Tuesday, April 1, 2008

Days of Heaven

Days of Heaven has been one of my favorite movies since I first saw it at the Brattle Theater in Cambridge. When it played a few months ago at the Film Forum in New York, Jenn and I went to see it and noticed Willem Dafoe in the audience. I was amazed at how well I remembered practically every scene, including seemingly random images like the silvery, shivery catspaw that brushes for a second across the surface of a pond. The eerie voiceover by Linda Manz — 16 years old but playing a somewhat younger girl — is the heart of the movie, as Robert Ebert pointed out in a sensitive essay. I was pleased that he was so struck by one of the same passages that struck me, when Linda (the character shares the actress’s name) is escaping with her grown brother and his lover on a raft. Linda’s curiosity has survived the traumas she’s seen, but any empathy for strangers is gone, or at least dimmed.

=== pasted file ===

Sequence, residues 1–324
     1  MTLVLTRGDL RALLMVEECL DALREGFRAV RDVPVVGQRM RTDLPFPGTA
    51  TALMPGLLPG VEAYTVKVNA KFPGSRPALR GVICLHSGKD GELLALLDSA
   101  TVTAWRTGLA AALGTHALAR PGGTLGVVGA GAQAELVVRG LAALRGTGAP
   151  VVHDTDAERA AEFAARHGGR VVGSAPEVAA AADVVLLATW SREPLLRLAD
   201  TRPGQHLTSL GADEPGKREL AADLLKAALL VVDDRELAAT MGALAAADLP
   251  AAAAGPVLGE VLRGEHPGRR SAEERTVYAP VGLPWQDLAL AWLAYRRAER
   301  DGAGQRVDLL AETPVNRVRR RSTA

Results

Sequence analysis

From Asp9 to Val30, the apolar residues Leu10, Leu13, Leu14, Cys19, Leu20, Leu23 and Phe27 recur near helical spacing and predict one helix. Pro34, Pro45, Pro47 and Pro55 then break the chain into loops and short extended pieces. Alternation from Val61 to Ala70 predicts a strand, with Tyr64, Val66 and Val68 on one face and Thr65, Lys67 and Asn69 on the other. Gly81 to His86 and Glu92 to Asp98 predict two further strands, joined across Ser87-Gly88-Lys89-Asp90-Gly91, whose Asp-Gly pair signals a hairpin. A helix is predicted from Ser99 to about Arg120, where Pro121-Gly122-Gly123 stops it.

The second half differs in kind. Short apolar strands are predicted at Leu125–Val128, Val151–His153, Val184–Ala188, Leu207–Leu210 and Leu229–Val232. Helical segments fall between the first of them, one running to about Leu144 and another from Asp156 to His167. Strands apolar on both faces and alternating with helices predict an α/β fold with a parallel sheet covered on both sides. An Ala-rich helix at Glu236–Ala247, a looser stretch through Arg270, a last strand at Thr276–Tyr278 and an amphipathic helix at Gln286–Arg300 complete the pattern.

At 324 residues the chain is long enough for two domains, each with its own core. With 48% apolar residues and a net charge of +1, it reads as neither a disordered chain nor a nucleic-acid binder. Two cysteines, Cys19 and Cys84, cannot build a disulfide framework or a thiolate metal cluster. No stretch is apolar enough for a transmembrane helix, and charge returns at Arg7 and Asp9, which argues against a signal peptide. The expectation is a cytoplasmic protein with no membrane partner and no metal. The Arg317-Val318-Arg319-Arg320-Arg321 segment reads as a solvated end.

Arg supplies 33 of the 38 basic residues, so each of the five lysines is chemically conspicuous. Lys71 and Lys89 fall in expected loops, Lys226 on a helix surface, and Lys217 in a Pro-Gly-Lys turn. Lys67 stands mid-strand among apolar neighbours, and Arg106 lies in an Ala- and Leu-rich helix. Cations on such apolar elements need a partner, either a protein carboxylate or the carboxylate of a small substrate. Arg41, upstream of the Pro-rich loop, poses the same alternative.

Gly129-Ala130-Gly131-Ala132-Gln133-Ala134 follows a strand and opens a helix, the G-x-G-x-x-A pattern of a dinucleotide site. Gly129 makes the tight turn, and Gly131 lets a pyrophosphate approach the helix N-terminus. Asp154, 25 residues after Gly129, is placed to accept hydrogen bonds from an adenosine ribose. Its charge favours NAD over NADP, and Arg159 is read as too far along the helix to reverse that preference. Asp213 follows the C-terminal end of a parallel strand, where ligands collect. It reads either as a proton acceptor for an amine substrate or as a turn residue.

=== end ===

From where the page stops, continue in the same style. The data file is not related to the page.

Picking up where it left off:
The sun looks ghostly when there's a mist on the river and everything's quiet. I never knowed it before. And you could see people on the shore but it was far off and you couldn't see what they were doing. They were probably calling for help or something or they were trying to bury somebody or something.
In the last scene, Linda has escaped in the early morning from a heartless foster home and has met a new friend by the railroad tracks. Linda has nothing and no one, but she is concerned about her friend.
This girl she didn’t know where she was goin' or what she was gonna do. She didn't have no money or nothin'. Maybe she'd meet up with a character. I was hoping things would work out for her. She was a good friend of mine.
I got a little teary when I saw that scene, just as I did the first time more than twenty years ago.

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